WARSAW, Poland (AP) — Russia is expelling a Moscow-based correspondent for a leading Polish newspaper in a retaliatory move after a Russian reporter was stripped of his right to reside in Poland amid suspicions of espionage.
Russia’s Foreign Ministry on Friday ordered Waclaw Radziwinowicz, a correspondent for the Gazeta Wyborcza daily, to leave Russia within 30 days. The ministry spokeswoman Maria Zakharova said the Polish journalist was ordered out of Russia “on the principle of reciprocity.”
Poland’s Foreign Ministry denounced the expulsion of Radziwinowicz as “unjustified” and “purely retaliatory” and said it would have “negative consequences” for relations between the two countries, which are already deeply strained over Russia’s actions in Ukraine and other matters.
Roman Imielski, managing editor for the Gazeta Wyborcza, and the Polish Foreign Ministry said the move was in response to the expulsion from Poland of Leonid Sviridov, a Russian reporter with the Kremlin-funded Rossiya Segodnya news service. He left Poland last Saturday.
Most Read Nation & World Stories
- Wealthy couple chartered a plane to the Yukon, took vaccines meant for Indigenous elders, authorities said
- US terrorism alert warns of politically motivated violence
- Judge bars Biden from enforcing 100-day deportation ban
- Biden may be stuck with some Trumpists
- Biden to reopen ACA marketplaces, lower barriers for joining Medicaid
Poland’s Internal Security Agency said last year that Sviridov was a threat to Poland’s security, though it never revealed what evidence it had against him. Polish media said Sviridov was suspected of spying for Russia, something Sviridov denied.
Although Poland’s security agency declared Sviridov a “danger to the Polish state” in 2014, authorities allowed him to remain in Poland for 14 more months while the administrative case against him ran its course.
In interviews with The Associated Press, Sviridov depicted himself as the victim of anti-Russian feeling in Poland as ties soured between the two nations. He argued that if he were really a danger, Polish officials would have expelled him long before.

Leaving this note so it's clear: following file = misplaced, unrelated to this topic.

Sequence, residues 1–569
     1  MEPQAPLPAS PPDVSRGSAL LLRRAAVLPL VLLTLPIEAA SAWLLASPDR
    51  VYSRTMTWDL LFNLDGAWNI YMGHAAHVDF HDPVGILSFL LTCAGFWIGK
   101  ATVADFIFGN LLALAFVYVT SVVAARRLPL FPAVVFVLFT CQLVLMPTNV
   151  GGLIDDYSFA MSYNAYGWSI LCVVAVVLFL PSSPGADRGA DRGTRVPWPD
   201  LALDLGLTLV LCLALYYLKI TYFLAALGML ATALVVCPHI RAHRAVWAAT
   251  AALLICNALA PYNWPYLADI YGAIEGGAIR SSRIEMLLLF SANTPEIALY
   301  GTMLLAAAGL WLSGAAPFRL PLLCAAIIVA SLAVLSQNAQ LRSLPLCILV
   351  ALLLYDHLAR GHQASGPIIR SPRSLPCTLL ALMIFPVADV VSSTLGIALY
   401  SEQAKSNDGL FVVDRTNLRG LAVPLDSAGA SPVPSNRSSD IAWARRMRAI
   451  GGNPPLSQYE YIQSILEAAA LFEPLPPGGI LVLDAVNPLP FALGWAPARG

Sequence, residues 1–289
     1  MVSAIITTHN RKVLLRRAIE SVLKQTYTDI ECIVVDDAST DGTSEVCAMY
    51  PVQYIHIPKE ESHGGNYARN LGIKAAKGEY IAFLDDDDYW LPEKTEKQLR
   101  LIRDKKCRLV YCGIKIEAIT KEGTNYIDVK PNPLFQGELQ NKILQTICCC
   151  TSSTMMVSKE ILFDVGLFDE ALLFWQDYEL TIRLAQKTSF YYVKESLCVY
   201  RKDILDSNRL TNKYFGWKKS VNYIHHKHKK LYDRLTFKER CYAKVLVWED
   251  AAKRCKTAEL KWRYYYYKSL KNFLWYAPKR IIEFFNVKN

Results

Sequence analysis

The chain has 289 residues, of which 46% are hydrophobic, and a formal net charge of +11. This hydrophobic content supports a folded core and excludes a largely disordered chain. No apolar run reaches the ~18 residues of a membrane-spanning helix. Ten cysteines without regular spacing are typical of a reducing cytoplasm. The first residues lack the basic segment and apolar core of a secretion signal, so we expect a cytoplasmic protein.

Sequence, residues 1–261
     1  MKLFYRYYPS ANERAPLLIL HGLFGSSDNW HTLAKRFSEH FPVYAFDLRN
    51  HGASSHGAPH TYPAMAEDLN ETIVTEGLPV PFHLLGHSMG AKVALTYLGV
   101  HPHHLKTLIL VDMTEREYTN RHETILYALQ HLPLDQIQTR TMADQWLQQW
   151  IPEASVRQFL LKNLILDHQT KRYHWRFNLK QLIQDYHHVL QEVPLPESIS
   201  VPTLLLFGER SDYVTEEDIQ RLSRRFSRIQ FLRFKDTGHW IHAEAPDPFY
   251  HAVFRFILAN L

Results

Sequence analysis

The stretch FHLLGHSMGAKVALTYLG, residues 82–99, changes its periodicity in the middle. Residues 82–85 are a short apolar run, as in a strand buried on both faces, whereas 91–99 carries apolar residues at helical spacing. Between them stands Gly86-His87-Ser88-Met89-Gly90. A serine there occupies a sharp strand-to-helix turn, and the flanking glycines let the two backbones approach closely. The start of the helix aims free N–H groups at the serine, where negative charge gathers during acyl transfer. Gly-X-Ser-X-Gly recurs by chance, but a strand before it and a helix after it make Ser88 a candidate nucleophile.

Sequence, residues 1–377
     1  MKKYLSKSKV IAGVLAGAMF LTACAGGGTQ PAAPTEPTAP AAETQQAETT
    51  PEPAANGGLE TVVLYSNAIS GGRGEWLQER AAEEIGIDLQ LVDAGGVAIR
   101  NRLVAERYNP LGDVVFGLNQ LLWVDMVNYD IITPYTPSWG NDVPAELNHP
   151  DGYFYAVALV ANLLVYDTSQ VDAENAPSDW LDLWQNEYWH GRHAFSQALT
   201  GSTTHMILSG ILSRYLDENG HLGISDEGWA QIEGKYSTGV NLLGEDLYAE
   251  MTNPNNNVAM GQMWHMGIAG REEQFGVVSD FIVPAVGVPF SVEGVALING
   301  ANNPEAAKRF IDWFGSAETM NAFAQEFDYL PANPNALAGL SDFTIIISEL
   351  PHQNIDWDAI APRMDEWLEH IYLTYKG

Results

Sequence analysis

But Jacek Kozlowski, an official for the province of Mazovia, where Warsaw is based, told the AP he had seen the security agency’s file on Sviridov, and while he could not reveal its contents, he insisted the case against the Russia was strong.
Poland’s Foreign Ministry insisted the expulsion of an experienced correspondent who has worked for many years in Russia was unfair.
“(Radziwinowicz’s) many years of work as a correspondent in the Russian Federation cannot in any way be compared to the activities that Leonid Sviridov carried out in Poland,” the ministry said.
It said Sviridov’s expulsion “had no connection with his activities as a journalist.”
The Polish ministry also said Russia’s actions violate the principle of journalistic independence and “will have negative consequences on Polish society being informed about Russia and on Polish-Russian relations.”
The Interfax news agency on Friday quoted Radziwinowicz as saying that he was ordered to leave Russia within a month and was stripped of his Foreign Ministry accreditation, which makes it impossible for him to work in Russia.
Radziwinowicz was reportedly involved in publishing a book of discussions between Gazeta Wyborcza’s editor-in-chief Adam Michnik and Russian opposition leader Alexei Navalny.
In a Twitter post on Friday, Navalny’s associate Vladimir Ashurkov hailed the journalist for an “important role in preparing the book.”